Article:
[9] RFR: 8007706: X.509 cert extension SAN should support "_" in dNSName

Florian Weimer fweimer at redhat.com
Tue Aug 5 06:58:39 UTC 2014


On 08/05/2014 07:52 AM, Jason Uh wrote:
> Hi Florian,
>
> I've reviewed the RFC again and think there might be some
> misinterpretation. The only part I see about underscores reads:
>
>>    Implementers should note that the at sign ('@') and underscore ('_')
>>    characters are not supported by the ASN.1 type PrintableString.
>>    These characters often appear in Internet addresses.  Such addresses
>>    MUST be encoded using an ASN.1 type that supports them.  They are
>>    usually encoded as IA5String in either the emailAddress attribute
>>    within a distinguished name or the rfc822Name field of GeneralName.
>>    Conforming implementations MUST NOT encode strings that include
>>    either the at sign or underscore character as PrintableString.
>
> RFC 5280 doesn't allow underscores for *PrintableString*, but DNSName is
> an *IA5String*, which does support them.

By this argument, the patch is still not correct because it leaves in 
additional checking incompatible with IA5String.  (It is also not clear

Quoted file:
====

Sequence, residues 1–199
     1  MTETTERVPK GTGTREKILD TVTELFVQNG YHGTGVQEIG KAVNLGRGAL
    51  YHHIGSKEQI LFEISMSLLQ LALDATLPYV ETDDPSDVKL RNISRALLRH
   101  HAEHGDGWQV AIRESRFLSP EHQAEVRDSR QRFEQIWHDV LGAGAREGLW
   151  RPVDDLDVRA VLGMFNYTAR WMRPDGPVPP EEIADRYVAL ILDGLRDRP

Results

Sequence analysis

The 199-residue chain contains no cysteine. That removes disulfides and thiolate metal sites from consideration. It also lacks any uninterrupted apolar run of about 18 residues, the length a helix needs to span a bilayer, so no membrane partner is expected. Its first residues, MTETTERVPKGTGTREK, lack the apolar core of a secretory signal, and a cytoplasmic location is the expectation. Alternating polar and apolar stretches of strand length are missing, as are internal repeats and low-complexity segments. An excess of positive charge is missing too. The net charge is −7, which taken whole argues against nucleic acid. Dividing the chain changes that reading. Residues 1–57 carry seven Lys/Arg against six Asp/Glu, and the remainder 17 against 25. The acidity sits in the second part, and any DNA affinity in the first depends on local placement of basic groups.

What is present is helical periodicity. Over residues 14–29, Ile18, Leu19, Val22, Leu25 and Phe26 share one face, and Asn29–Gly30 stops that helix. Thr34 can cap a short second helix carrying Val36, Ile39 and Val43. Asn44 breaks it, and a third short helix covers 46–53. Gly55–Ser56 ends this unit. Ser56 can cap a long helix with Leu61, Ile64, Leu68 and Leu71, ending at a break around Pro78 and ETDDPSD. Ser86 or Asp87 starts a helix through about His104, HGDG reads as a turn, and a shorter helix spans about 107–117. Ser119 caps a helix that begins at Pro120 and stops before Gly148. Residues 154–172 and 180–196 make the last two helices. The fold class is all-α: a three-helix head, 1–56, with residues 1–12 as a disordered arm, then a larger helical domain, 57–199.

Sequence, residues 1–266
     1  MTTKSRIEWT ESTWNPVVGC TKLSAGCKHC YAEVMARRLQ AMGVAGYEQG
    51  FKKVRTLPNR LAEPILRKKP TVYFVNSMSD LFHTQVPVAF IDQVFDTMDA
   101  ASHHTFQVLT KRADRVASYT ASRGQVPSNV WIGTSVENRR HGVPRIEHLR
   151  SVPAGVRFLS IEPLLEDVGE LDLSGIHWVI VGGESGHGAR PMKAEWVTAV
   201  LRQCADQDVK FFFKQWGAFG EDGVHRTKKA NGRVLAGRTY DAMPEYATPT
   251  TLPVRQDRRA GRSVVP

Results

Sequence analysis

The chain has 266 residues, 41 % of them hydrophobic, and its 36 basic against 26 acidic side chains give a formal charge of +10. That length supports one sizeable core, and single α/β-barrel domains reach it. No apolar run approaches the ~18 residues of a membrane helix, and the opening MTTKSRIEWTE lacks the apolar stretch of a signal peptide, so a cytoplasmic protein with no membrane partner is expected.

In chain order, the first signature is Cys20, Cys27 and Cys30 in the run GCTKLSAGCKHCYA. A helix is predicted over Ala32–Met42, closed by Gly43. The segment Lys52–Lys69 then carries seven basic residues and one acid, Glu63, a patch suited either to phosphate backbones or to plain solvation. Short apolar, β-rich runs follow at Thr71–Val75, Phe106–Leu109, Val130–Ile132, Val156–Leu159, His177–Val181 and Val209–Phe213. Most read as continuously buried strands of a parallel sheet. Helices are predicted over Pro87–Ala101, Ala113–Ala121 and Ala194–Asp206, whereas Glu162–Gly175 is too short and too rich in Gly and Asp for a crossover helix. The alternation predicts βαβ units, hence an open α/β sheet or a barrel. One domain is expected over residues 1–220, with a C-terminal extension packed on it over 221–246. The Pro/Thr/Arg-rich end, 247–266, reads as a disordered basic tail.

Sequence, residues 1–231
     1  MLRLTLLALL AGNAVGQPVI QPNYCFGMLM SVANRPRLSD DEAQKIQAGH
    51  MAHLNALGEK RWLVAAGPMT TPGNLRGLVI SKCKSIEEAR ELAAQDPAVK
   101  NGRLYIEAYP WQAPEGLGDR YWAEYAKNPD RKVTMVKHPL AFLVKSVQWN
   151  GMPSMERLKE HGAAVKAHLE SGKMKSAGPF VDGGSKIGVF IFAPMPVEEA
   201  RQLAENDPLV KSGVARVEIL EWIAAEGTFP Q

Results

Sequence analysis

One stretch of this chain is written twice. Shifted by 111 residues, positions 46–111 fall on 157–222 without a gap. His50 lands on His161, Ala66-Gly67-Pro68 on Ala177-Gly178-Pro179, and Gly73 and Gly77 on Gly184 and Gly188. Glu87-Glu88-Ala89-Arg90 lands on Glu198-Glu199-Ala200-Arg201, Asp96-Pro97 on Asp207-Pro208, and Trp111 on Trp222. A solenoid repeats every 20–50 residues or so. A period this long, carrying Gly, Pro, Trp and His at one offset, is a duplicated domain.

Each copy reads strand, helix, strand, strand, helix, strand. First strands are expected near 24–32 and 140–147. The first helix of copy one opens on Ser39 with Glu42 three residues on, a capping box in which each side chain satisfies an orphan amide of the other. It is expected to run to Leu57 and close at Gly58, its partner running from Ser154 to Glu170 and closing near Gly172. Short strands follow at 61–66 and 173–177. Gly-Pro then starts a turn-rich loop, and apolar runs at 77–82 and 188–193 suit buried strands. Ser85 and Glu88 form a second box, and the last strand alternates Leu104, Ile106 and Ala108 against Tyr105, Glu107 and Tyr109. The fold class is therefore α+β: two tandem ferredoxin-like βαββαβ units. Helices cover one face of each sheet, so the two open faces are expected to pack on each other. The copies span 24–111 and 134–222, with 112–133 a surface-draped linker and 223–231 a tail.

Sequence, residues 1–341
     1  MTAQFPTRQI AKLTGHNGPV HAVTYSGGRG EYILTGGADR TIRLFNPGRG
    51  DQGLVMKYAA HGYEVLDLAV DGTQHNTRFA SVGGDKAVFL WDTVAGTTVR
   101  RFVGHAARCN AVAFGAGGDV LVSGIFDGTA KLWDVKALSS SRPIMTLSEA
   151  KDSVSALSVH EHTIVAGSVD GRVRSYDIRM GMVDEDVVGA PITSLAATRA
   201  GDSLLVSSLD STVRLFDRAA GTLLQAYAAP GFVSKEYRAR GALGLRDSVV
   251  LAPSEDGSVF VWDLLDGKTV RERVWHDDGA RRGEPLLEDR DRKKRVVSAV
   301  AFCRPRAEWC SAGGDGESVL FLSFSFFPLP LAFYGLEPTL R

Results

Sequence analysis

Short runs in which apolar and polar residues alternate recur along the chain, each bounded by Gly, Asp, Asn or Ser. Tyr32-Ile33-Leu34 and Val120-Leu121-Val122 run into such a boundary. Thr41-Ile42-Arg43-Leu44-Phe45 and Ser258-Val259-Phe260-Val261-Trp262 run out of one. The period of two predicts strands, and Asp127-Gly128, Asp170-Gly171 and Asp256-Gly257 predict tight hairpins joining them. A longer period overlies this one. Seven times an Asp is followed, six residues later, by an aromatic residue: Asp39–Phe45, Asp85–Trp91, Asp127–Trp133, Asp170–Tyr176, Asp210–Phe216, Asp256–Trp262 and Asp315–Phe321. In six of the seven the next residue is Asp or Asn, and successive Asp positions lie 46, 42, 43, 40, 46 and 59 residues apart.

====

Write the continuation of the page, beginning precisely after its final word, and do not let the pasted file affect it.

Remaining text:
to me what exactly is permissible in IA5Strings and how codepoints are 
supposedly mapped to their Unicode counterparts if a national variant of 
T.50 is used, but that's a different issue.)  Relaxing all restrictions 
would match what other software does.

My claim that '_' is not allowed in dNSName is based on these two sentences:

    When the subjectAltName extension contains a domain name system
    label, the domain name MUST be stored in the dNSName (an IA5String).
    The name MUST be in the "preferred name syntax", as specified by
    Section 3.5 of [RFC1034] and as modified by Section 2.1 of
    [RFC1123].

Section 3.5 of RFC 1034 and section 2.1 of RFC 1123 deal with host name 
syntax, and the grammar in RFC 1034 (and RFC 952, which is referenced in 
RFC 1123) does not permit underscores.

-- 
Florian Weimer / Red Hat Product Security


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